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Pure Appl. Chem., 2009, Vol. 81, No. 10, pp. 1921-1930

Published online 2009-09-26

Thermodynamics: Nano vs. macro

Michel Wautelet1* and Aram S. Shirinyan2

1 Physics of Condensed Matter, University of Mons-Hainaut, Place du Parc, 20, B-7000 Mons, Belgium
2 Department of Physics, Cherkasy B, Khmelnytsky National University, 81, Shevchenko Street, Cherkasy 18031, Ukraine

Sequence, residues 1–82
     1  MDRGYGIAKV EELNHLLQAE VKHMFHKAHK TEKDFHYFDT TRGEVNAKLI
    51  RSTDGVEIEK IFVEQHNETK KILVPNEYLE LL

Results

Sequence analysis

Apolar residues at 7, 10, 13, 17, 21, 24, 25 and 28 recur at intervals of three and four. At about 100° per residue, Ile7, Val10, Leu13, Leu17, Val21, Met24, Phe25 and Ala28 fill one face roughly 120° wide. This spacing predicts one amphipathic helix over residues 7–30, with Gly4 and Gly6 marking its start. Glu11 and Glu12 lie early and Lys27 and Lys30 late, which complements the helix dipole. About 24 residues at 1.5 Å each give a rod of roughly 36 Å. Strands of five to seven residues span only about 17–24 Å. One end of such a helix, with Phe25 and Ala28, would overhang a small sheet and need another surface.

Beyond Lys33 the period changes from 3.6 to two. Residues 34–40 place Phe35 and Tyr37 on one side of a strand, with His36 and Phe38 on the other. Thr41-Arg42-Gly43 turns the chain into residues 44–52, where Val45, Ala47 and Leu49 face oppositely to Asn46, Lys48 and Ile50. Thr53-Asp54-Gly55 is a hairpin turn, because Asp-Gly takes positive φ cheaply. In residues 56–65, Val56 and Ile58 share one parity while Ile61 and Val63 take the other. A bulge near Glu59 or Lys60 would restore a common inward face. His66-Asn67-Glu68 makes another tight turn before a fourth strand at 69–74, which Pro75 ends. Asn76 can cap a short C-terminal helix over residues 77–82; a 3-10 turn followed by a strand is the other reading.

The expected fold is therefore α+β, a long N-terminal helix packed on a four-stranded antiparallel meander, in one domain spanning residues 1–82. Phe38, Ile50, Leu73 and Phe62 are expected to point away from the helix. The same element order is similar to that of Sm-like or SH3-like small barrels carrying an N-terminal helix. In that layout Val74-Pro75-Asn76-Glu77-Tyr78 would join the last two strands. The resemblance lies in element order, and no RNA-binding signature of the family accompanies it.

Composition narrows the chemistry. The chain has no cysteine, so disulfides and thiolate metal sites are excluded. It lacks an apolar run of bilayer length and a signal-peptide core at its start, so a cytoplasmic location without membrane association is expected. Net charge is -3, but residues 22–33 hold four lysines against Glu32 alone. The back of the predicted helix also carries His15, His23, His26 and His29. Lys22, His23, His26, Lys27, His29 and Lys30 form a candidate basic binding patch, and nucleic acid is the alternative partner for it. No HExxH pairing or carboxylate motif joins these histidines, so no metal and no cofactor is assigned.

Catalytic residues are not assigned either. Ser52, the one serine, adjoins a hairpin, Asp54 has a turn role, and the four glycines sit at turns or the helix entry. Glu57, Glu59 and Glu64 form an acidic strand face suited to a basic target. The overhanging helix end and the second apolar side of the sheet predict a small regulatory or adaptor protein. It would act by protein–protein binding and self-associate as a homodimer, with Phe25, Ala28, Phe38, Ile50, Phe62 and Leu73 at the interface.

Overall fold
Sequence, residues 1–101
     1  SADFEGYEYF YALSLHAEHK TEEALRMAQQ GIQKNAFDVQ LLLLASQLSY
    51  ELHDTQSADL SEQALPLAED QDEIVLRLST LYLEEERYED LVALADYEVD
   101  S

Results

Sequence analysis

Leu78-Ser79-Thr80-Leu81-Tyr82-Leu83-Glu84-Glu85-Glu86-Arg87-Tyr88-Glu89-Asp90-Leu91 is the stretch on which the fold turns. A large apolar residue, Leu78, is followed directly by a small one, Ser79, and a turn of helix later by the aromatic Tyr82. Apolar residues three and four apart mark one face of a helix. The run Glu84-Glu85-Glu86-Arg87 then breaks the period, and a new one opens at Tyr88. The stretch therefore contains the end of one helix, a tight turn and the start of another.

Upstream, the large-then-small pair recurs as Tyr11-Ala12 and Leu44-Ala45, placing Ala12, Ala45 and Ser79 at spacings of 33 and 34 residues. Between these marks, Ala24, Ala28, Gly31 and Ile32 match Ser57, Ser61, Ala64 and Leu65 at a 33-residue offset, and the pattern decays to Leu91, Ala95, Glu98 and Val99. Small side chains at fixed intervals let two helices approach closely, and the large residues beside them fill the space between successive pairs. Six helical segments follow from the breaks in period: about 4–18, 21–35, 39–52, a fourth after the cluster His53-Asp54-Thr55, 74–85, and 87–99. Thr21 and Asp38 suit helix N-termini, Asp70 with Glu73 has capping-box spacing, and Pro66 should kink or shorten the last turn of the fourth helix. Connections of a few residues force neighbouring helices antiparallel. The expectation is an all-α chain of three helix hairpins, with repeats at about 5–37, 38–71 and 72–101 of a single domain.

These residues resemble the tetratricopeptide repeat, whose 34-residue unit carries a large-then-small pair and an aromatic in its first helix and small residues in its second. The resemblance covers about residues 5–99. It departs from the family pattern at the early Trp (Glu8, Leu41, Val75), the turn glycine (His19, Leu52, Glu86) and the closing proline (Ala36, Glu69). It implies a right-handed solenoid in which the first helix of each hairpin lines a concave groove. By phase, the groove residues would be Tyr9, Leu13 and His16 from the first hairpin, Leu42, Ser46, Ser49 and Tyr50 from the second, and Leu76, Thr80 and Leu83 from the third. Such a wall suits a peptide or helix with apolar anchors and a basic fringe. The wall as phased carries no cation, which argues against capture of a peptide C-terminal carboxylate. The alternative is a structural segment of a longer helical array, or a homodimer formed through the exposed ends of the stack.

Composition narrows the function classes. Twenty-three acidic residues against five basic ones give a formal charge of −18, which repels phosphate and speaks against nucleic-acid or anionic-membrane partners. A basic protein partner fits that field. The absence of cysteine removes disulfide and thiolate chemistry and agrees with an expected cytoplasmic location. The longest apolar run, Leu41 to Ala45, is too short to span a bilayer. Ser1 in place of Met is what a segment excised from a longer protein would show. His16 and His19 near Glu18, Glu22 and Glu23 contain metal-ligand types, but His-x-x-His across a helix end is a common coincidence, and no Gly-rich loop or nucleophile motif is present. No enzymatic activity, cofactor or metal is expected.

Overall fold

Abstract: Ordinary macroscopic thermodynamics is applied when the number of atoms in the studied systems is "large". Conditions where nanosystems are "large" with respect to thermodynamics definition are first discussed. In the thermodynamical regime, size and shape effects are known to be important. It has been known for a long time that the melting temperature of nanosystems decreases when their size decreases. A generalization of this leads to the conclusion that phase diagrams are also size- and shape-dependent. In nanosystems, the number of atoms is limited. This differs from classical thermodynamics, where the number of atoms is assumed to be unlimited. The consequences of this difference for the definition of phase diagrams are discussed. In particular, the liquidus and solidus lines have to be carefully defined. The structure of the two-phase nanoparticles also plays a role in the calculation of the phase diagrams.